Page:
Megalithic tombs could have been designed as ingenious tools to observe the faintest stars – effectively telescopes without lenses – astronomers in Britain suggest.
They say the long, narrow entrance passageways of so-called passage graves, dating from around 6,000 years ago, are aligned to certain stars.
The focus of 13 of the tombs in Carregal do Sal, Portugal appears to be Aldebaran, the brightest star in the constellation of Taurus.
The researchers suggest that this could be for ceremonial purposes.
“To accurately time the first appearance of this star in the season, it is vital to be able to detect stars during twilight,” said Fabio Silva, of the University of Wales Trinity Saint David.
“Rock art and paintings, some of which are present inside similar passage graves, could and have been interpreted as red stars, much like Aldebaran itself.”
When the tombs were built, around 4,300 – 3,700 BCE, Aldebaran would have risen between 18 and 27 April and appear from within all of the entrance passages of the tombs.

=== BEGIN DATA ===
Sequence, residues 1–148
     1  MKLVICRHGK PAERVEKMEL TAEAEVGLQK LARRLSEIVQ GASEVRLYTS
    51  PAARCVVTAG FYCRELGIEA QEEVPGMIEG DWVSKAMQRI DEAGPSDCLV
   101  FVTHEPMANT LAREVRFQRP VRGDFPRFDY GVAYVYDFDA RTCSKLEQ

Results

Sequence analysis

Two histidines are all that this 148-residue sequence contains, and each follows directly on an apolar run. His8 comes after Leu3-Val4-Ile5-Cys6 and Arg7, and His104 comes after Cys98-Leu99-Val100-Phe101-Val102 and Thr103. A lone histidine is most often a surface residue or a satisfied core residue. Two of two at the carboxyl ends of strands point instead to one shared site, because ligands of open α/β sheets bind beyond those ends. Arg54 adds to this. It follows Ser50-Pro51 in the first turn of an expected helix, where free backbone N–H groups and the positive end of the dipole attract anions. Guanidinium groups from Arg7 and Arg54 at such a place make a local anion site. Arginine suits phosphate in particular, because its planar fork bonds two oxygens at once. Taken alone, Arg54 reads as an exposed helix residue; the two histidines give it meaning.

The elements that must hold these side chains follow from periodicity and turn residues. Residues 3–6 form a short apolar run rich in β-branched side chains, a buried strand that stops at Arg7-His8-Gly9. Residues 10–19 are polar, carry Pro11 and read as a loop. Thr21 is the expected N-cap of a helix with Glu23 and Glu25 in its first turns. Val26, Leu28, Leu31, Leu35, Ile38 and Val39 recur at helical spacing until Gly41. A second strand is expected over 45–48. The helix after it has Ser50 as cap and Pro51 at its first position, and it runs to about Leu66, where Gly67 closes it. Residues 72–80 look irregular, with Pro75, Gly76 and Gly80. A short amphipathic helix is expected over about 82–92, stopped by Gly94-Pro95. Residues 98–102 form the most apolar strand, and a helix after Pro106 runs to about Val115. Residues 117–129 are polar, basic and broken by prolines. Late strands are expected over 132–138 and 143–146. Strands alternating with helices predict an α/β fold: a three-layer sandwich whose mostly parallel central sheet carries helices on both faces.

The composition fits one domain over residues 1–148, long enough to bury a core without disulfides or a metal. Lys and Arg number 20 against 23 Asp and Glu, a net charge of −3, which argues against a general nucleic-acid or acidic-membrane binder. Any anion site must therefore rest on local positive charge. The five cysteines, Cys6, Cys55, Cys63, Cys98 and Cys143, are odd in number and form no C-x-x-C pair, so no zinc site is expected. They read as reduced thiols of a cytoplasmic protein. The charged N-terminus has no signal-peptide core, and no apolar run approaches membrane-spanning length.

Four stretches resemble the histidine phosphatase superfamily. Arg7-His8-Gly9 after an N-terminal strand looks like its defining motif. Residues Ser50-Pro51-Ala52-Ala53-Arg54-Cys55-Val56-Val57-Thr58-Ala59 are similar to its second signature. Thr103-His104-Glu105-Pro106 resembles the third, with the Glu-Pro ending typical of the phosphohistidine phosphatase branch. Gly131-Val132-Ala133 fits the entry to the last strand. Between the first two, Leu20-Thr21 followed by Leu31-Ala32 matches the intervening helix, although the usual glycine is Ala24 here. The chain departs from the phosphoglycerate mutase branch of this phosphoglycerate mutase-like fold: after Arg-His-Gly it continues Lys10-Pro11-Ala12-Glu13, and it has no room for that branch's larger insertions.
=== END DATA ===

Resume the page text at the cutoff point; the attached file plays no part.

The team presented the study at the National Astronomy Meeting in Nottingham.
The researchers said they believed the initiate in the ceremonies would spend the night inside the tomb, with no natural light apart from that shining down the narrow entrance.
“It is quite a surprise that no one has thoroughly investigated how for example the colour of the night sky impacts on what can be seen with the naked eye,” Kieran Simcox from Nottingham Trent University and a leader of the project said.
The first sighting in the year of a star after its long absence from the night sky might have been used as a seasonal marker, the team suggested.
Bill Condie is a science journalist based in Adelaide, Australia.
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